The world of music suffered a staggering blow when Duane Allman, one of the founding members and the guitarist of The Allman Brothers Band, tragically died in a motorcycle crash. At the tender age of 24 and merely three months after their breakthrough live album was released, Duane’s untimely death left the band and their fans in deep sorrow. The thought of continuing the band with only one of the Allman brothers, Gregg, seemed almost impossible.
Despite the heartbreaking loss, Gregg Allman took the reins and, with Dickey Betts stepping up creatively, The Allman Brothers Band managed not only to stay together but also to flourish in popularity post-Duane’s demise.
The band saw the completion and launch of the last album Duane worked on, “Eat a Peach,” four months after his death. This album served as a poignant homage to the late guitarist, with his masterful performances in ‘Mountain Jam’, ‘One Way Out’, and ‘Trouble No More’ being among the most powerful aspects of the record.
In addition, Gregg Allman finalized ‘Melissa’, a track that had been in the works for about five years. This song held a special place in Duane’s heart, prompting Gregg to include it in “Eat a Peach” as a quiet tribute to his late brother.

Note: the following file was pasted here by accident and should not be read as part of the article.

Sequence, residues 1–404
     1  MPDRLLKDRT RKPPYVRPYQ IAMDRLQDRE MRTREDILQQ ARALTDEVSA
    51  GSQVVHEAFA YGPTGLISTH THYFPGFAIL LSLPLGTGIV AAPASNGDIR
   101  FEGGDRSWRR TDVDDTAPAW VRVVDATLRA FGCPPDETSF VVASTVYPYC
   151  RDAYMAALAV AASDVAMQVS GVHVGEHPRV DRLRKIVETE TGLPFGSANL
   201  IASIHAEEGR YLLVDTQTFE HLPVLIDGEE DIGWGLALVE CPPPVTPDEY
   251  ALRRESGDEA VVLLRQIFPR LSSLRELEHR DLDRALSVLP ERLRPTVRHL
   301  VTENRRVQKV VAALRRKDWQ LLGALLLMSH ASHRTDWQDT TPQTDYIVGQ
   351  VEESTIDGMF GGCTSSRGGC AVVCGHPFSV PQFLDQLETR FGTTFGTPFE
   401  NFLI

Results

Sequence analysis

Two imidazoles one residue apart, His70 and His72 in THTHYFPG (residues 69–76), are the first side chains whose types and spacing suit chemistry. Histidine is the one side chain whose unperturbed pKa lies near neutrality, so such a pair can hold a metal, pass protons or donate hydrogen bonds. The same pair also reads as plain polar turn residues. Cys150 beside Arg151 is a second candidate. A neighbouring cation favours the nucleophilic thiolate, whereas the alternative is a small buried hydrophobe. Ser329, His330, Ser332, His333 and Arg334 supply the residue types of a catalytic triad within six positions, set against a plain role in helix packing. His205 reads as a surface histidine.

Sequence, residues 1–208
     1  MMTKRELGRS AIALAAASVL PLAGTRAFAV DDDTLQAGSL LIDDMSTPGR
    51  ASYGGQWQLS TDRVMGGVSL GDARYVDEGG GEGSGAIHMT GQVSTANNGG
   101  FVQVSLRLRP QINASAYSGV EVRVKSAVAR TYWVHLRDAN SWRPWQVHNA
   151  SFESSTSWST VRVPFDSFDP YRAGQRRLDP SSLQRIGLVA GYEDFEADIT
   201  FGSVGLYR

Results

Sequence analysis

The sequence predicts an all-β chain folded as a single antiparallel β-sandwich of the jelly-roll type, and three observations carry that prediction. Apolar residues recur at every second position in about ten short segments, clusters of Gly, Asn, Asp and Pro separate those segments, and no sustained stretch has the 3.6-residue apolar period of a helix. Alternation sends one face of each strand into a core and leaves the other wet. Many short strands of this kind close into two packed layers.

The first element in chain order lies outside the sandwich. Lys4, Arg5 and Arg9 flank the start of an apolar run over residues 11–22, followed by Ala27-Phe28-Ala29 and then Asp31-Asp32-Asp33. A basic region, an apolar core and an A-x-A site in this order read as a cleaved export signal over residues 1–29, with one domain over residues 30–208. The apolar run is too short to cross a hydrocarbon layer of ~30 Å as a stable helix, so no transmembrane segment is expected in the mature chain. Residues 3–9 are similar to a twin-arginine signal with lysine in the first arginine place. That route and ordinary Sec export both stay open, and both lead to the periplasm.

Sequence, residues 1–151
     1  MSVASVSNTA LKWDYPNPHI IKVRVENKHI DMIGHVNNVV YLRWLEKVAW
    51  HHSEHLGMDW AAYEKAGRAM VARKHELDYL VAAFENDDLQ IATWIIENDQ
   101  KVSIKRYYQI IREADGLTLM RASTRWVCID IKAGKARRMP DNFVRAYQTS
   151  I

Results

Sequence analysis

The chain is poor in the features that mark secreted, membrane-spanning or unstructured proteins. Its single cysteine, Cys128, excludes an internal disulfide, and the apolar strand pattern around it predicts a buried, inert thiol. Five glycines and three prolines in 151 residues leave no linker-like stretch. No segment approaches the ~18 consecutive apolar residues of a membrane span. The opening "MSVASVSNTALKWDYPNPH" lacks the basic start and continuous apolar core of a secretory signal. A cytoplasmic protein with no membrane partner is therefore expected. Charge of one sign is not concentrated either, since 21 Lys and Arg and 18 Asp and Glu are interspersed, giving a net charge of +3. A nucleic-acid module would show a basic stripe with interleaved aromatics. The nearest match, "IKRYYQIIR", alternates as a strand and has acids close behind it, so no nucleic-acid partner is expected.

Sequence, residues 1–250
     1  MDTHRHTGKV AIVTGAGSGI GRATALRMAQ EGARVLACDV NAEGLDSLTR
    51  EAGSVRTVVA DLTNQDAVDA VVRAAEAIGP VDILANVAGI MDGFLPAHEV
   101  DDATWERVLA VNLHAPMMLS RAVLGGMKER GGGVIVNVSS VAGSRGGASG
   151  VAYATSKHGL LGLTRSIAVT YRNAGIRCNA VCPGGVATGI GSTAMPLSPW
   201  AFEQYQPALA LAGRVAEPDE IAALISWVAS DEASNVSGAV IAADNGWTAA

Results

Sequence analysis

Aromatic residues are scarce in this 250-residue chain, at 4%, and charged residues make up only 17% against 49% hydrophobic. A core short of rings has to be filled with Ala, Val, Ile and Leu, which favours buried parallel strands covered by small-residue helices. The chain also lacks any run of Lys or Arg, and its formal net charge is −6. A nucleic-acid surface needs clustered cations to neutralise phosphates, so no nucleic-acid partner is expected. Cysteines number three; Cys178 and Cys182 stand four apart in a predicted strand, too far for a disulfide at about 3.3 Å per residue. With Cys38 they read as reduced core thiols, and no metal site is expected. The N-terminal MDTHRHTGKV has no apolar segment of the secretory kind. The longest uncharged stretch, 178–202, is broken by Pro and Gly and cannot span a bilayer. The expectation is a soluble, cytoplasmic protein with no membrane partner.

Among the other tributes in the album was ‘Ain’t Wastin’ Time No More,’ a song penned by Gregg Allman. It conveyed his gratitude for Duane’s musical contributions to the band and symbolized Gregg’s newfound determination to keep the band going in his brother’s memory. While parts of the song allude to the turmoil of the Vietnam War era, its core message is one of perseverance and resilience.
Regarding this, Gregg once said, “After my brother’s accident, we had three vinyl sides done of Peach, so I decided to continue that, and during the process, I wrote ‘Ain’t Wastin’ Time No More’ for my brother. We were all in a pretty bad state, but we returned to the studio, completed the record, and it sold remarkably well from the start.”
“Eat a Peach” was named after a saying Duane Allman was particularly fond of. As he explained to writer Ellen Mandel, “I’m hitting a lick for peace—and every time I’m in Georgia, I eat a peach for peace. But you can’t help the revolution, because there’s just evolution.”
The album wasn’t just a commercial success for The Allman Brothers Band. It served as a testament to the band’s resilience and their ability to persevere despite the loss of their leader. Following the album’s release, they decided not to find a replacement for Duane during their tour, with Betts taking up the role of the sole lead guitarist. Although they faced significant turbulence, including the death of their bassist Berry Oakley in another motorcycle accident in 1972, The Allman Brothers Band carried on, etching Duane Allman’s memory into their musical journey.